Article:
Togetherness

The woman finished washing the blood from the walls.  With an economy of movement, she tidied away the bucket and bleach and made the room more inviting by throwing a few pillows on the couch in a deliberately casual display.  There was nothing she could do about the smell except open the windows and hope for a breeze.  She flopped down in the armchair and turned to the couch.

            “I’m afraid you’ll be dead soon.”  At the widening alarmed eyes and shaking head she said, “Don’t disagree with me.  Robert would never have disagreed with me.”  She took a pack of cigarettes from her apron pocket and lighting it she inhaled deeply.  “Besides, I’ve seen this happen before.  Your body is rejecting the organ and I’ve run out of medicine to give you.”  She shrugged.  “I had enough pills for the first one, he got my baby’s eyes.”  The moan from the couch made her frown.  “Robert wouldn’t make such a noise.”  She sniffed.  “My Robbie was a good boy, my perfect boy.  And they took him away from me.”   She allowed herself to remember, despite knowing the pain would tear her apart.  Whispering, she was back to the day her life ended.  “They called me at four in the morning.  No one calls at that time so I knew it was bad news.  Bad news always arrives at night.  They said there had been an accident, could I get there as soon as possible.  It was the same hospital he had been born in.”  She stopped to light another cigarette, blowing the smoke and watching it rise until it was a haze against the dirty ceiling lamp.  “He was dead by the time I got there.  Car accident.  I never saw him.”  She blinked a few times and cleared her throat.  “They made me fill in forms.  My darling’s body was a few feet away and they made me sign forms.  They took my Robbie away before I could say goodbye.”  She looked over at the couch.  “He was an organ donor, you see.  They had to get him to the operating room so they could take him apart.  He was a wonderful boy, even after death.”  She shook her head and smiled grimly.  “And your time is close, just like all the others.”  She turned to the couch and, reaching out, took the girl’s pale yellow hand.  “You were the best so far, you know that?  You learned quickly.  Just like my Robbie, he was such a smart boy.”  She sighed and for a moment returned to a happier time.  “My baby became an organ donor so that if anything happened he would still be here for me.  So that I could find him, all of him, and we could still be happy together.”  The woman frowned and learned over the couch.  She put her hand to the girl’s neck and shook her head.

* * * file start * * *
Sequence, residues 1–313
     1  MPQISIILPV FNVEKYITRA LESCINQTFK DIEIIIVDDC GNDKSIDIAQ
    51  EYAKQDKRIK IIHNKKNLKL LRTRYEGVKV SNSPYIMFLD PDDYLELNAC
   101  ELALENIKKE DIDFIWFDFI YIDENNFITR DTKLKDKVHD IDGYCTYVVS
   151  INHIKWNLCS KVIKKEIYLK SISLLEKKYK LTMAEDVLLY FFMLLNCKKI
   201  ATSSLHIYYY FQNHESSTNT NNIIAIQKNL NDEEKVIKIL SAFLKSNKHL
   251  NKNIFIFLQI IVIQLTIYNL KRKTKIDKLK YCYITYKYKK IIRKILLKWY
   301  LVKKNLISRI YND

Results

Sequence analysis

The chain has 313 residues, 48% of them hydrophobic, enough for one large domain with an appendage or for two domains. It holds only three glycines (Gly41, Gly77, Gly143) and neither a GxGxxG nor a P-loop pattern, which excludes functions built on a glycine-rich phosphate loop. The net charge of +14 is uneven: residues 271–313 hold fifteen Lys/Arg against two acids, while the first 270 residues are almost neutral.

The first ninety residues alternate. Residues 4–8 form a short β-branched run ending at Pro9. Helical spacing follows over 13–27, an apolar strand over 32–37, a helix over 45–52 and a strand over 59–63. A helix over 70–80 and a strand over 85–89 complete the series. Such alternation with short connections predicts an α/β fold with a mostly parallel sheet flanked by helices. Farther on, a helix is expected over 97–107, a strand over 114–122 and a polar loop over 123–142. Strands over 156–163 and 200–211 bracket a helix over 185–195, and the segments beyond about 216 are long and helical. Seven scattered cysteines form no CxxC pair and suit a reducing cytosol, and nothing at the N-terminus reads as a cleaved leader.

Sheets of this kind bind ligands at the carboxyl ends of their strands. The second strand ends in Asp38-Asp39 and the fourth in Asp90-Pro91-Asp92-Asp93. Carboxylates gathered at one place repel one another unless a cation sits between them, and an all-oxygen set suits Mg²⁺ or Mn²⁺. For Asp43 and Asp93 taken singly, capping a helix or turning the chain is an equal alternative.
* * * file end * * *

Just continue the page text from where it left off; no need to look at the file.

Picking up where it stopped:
Two weeks later she was at her job as a worker in the hospital cafeteria.  Having taken the position three months earlier she had discovered quickly how lax hospital security was when it came to patient records.  She walked over to where a young woman was sitting and started wiping the table surface.

“Excuse me dear, I see you’ve got a medic alert bracelet.  Are you a diabetic?”

“Oh no, I’m an organ recipient.”  The young woman smiled shyly.

“You don’t say.”

Copyright Kelly Evans

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